A fist full of peaks

September 22, 2020

In April of 2016, a friend and I went on my first backpacking trip to ‘The Bonds’.  We summited my 4th and 5th 4000 foot peaks by reaching Mount Bond Cliff, and Mount Bond. However, due to an extreme drop in temperature after we had eaten and set up our tents, we spent the entire night shivering (literally) and not sleeping. A slow, late and cold start that next morning, and utter exhaustion, lead to not being able to reach Mt. West Bond while also making it back down to a safe elevation for the second night of camping.  Mt. West Bond would have to wait. This past April, I attempted to summit Mt. Hale via the Fire Wardens Trail. The day I hiked was the morning after over a foot of fresh snow.  With only one hiker and his two dogs' worth of tracks to follow up (the Fire Wardens Trail is unmarked, there are no tree blazes), I was never able to make it to the summit.  I was very, very close, but didn’t officially make it before daylight and safety won the day, and I had to leave.  That sad story can be read here

Maybe I shouldn’t hike in April in anymore!

Fast forward to this past weekend. My plan: A two day, solo backpacking trip that will allow me to reach Mt. West Bond, and Mt. Hale, while also bagging the Twins, and Zealand. I would start at the North Twin Trailhead at the end of Haystack road. Hike the North Twin trail to both North Twin and South Twin, then head to the Guyot Campsite to claim a decent spot, and drop more than half my gear before heading up to Mt. West Bond for sunset.  The next morning, I would head to Mt. Guyot (not an official 4000 footer) for sunrise pictures, and continue on to Mt. Zealand, the Zealand Falls Hut, the the Lend a Hand Trail to Mt. Hale, and finally, come down my nemesis - The Fire Wardens Trail - back to the North Twin Trail, and back to my truck.

I love to hike, I’ve rarely backpack.  They are NOT the same thing. For anyone who’s ever read the book, or seen the movie, Wild, I must have looked like Reese every time I pulled my backpack up. Even after several attempts to drop and shave ounces anywhere I could, my pack was still heavier than I would have liked.  I didn’t weigh it… on purpose! I simply didn’t want to know the number.

For the days leading up to this weekend, Mountain-Forecast.com had Friday, Saturday and Sunday as “CLEAR” essentially all three days.  Even with a day's worth of pouring rain predicted at home on Friday, the mountain forecast was still favorable. And, overnight Friday was supposed to be much warmer than overnight Saturday, hopefully avoiding a repeat of my last backpacking freeze-fest. Saturday was forecasted to be perfectly clear all day - which I thought would work out great for sunrise pictures from Mt. Guyot.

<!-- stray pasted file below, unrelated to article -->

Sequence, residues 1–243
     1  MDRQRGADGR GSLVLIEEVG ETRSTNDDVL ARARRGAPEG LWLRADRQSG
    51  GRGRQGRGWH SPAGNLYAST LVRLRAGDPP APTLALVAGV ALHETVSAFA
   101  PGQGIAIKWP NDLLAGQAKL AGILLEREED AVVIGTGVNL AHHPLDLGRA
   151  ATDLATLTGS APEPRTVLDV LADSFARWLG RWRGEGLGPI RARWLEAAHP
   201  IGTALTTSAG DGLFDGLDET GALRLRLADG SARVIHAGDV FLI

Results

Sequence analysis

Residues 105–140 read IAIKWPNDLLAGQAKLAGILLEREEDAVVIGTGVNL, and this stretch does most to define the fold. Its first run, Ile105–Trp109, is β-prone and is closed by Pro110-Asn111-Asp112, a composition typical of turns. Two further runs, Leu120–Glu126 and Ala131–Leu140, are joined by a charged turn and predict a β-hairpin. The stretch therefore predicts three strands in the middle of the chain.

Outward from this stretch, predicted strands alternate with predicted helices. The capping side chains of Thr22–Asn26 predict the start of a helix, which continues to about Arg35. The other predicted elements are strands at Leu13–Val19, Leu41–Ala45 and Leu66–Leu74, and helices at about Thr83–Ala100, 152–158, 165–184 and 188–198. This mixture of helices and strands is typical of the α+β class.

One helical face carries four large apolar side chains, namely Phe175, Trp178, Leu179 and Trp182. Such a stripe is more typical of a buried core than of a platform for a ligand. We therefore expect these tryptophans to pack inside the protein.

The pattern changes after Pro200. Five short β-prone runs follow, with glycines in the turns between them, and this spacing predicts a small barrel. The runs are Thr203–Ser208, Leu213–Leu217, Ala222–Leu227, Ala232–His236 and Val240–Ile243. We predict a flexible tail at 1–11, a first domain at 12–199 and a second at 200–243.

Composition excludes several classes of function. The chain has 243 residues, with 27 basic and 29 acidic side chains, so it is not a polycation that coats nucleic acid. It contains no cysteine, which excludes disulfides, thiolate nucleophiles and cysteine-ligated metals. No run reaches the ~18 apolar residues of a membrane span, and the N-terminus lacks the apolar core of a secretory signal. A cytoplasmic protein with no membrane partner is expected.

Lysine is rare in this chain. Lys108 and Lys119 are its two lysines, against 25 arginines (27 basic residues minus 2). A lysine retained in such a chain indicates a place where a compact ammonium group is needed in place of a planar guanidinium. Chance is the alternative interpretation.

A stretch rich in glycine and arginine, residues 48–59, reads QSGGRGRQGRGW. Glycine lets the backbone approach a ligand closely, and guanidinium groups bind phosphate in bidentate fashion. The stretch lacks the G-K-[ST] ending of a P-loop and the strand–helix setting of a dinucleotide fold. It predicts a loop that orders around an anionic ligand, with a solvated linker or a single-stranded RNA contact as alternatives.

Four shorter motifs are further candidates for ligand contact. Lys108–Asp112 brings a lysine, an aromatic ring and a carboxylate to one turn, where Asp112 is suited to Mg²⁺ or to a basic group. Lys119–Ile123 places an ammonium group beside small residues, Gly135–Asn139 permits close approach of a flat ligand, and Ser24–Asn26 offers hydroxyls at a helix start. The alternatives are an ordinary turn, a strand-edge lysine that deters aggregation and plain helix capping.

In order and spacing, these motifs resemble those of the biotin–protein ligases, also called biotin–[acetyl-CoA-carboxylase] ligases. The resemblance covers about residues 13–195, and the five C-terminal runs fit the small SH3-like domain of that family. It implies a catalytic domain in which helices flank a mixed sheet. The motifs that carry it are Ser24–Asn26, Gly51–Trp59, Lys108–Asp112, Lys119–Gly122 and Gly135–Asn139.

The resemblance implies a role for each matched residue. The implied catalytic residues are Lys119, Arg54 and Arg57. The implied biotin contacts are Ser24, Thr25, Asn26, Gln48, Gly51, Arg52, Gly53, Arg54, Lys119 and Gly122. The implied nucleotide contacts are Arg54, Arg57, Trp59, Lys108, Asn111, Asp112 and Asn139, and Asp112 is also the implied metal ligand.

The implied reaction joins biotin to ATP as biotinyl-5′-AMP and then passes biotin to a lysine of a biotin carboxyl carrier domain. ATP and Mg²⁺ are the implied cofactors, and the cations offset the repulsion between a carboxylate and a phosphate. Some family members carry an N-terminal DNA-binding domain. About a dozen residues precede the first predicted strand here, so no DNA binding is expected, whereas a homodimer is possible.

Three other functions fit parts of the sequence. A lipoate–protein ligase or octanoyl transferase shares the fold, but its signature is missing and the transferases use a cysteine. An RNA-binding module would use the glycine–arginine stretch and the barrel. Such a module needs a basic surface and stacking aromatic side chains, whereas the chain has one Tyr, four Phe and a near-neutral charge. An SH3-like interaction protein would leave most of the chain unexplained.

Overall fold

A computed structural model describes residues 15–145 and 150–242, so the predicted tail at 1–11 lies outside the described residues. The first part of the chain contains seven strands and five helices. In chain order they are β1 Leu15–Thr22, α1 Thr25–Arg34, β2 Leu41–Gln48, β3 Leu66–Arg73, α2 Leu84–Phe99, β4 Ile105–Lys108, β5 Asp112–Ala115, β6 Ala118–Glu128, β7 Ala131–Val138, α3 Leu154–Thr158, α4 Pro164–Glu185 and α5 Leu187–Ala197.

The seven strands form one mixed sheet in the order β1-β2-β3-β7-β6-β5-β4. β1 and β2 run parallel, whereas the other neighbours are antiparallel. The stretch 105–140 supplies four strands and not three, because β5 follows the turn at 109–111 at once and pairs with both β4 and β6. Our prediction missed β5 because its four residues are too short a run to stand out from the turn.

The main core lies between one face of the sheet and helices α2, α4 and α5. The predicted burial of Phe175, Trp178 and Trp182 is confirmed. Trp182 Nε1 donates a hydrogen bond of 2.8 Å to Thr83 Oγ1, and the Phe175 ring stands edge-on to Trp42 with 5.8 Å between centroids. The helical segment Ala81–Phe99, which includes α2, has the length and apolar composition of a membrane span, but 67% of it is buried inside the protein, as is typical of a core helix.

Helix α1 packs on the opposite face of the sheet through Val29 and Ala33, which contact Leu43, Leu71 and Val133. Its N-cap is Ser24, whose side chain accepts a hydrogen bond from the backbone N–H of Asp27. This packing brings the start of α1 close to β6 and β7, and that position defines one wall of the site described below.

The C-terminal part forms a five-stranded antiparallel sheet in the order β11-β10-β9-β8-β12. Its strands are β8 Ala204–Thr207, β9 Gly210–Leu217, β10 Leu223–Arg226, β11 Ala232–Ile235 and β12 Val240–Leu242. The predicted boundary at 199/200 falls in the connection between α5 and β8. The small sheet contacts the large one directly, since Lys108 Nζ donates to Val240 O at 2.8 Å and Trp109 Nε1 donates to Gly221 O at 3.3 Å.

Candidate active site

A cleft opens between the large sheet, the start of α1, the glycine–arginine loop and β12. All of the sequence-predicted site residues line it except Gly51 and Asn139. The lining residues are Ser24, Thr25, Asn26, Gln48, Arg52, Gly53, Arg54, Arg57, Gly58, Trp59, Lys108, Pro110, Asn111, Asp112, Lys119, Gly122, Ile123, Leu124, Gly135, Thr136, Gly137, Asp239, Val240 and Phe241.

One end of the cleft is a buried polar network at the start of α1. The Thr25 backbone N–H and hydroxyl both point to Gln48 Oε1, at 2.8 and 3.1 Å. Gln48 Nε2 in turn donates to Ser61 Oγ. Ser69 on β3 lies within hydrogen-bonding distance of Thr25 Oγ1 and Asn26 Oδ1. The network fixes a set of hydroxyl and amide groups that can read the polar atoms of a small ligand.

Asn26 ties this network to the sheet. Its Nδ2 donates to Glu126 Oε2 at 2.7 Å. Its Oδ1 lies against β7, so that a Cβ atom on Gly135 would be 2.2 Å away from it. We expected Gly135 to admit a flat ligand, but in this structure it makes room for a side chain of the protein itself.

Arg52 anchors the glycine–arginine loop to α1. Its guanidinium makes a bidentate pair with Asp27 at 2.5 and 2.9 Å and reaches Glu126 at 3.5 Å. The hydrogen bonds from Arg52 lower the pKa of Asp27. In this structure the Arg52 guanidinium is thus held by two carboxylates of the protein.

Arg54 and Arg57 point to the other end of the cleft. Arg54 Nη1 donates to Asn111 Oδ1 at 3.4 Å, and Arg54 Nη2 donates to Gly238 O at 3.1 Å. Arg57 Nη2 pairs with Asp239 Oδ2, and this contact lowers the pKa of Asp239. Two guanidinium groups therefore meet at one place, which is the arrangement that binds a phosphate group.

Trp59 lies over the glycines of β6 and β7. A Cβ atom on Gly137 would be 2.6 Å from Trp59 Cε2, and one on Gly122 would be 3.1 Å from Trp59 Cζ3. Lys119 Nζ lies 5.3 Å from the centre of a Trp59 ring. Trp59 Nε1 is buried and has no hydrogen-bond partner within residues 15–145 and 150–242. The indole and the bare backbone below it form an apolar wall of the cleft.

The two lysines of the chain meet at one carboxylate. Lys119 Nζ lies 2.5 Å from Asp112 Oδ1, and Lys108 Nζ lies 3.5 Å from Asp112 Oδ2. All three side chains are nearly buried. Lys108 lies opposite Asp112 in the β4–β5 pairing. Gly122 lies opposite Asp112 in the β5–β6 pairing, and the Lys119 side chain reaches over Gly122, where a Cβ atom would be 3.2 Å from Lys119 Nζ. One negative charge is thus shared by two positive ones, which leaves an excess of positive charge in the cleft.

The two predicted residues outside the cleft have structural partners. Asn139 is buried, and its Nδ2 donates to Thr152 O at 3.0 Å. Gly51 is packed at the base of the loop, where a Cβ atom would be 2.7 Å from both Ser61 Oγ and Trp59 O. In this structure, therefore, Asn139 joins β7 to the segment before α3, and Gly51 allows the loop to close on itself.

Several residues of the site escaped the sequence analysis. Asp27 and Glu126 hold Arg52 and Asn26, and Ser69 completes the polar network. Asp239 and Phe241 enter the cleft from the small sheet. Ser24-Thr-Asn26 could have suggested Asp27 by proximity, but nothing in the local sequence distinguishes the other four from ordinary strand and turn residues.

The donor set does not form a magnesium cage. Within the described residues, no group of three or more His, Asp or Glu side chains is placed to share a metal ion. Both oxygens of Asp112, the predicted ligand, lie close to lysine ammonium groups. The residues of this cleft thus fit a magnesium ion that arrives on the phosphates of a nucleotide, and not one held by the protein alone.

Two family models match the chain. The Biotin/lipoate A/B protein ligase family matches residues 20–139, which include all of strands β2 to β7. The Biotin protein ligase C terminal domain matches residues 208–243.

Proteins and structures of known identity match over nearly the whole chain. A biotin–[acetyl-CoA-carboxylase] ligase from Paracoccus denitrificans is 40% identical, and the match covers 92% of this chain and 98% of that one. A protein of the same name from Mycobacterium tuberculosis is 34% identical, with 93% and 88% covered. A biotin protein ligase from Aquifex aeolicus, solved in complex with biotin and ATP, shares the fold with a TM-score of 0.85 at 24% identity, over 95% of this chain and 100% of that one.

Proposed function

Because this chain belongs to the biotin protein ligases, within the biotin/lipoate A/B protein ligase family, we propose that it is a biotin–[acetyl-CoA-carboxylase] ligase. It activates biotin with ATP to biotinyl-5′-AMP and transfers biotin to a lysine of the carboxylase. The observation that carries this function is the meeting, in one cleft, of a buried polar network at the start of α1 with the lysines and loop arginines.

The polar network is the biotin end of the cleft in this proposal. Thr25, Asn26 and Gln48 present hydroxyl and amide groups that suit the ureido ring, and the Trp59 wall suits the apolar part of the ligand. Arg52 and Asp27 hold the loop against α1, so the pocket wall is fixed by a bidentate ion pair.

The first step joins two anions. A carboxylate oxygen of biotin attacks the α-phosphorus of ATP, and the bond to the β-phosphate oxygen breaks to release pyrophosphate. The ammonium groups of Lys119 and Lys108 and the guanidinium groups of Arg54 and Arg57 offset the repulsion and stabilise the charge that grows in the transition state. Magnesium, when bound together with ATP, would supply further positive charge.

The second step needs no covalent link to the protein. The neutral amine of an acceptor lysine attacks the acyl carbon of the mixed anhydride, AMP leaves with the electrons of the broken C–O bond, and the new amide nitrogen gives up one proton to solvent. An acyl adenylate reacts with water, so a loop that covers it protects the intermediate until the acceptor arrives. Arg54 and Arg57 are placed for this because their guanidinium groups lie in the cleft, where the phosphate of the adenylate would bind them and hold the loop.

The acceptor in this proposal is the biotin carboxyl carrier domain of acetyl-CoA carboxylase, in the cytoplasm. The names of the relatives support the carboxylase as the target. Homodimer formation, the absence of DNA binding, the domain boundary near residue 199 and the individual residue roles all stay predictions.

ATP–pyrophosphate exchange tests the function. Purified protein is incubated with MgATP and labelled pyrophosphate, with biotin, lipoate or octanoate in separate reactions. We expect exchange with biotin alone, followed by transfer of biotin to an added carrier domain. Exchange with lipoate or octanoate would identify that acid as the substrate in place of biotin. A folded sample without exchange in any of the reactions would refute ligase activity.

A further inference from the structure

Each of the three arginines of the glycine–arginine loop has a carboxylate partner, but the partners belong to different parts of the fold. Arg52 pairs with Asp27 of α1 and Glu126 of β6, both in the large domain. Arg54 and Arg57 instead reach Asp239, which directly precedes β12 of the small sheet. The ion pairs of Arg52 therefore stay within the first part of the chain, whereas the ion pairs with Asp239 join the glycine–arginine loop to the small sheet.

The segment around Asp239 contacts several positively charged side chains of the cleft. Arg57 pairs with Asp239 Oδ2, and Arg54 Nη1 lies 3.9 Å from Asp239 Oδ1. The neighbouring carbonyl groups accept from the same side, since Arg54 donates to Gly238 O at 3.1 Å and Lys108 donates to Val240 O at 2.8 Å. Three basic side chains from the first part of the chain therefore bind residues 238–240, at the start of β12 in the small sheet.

I arrived at the trailhead at 7:30am Friday morning, I was hiking by 8:00, and the rain I drove through most of the way up had stopped at about 8:05.  Perfect!

The weather was weird, though. Even though the rain had stopped, the humidity in the woods was extreme, yet, the temperature was probably no higher than 55 degrees. It was a tough beginning to regulate clothing and comfort due to extreme sweating from the humidity (and a 400lb backpack), while being colder than normal due to being sweaty and it only being in the 50’s. Thankfully, the North Twin trail is Lincoln Woods-esque.  Flat, easy, with no real challenges, and it runs alongside the Little River.

You cross Little River about three times before beginning the ascent up to North Twin Mountain.  At the final water crossing, the last reliable water source before the Guyot Shelter, it was time to fill the water bottles. 

The route takes a fairly pronounced turn to the west as it heads up towards North Twin mountain. For the most part, this is your basic White Mountains trail consisting of roots, rocks, and mud.  Lots and lots of mud on this trip.  I always take special notice and appreciation of the man-made stairs and ladder sections and wonder how much work it must have taken to create these so deep in the woods.
The summit of North Twin is supposed to have decent views, not as good as South Twin, but on this day, the cloud cover was doing it's best to hide a lot of what normally can be viewed from here.

That white spot in the middle left in the photo above is the AMC Galehead Hut within close proximity to both Mount Galehead, which I summited this past summer, and South Twin, which I would be summiting shortly after taking this photo.

The hike between the peaks was short, about a mile, and actually quite easy.  It looks a lot like this...

Once you start to break through the shrubs, you can just barely make out the first of a bunch of boulders on the top of South Twin Mountain.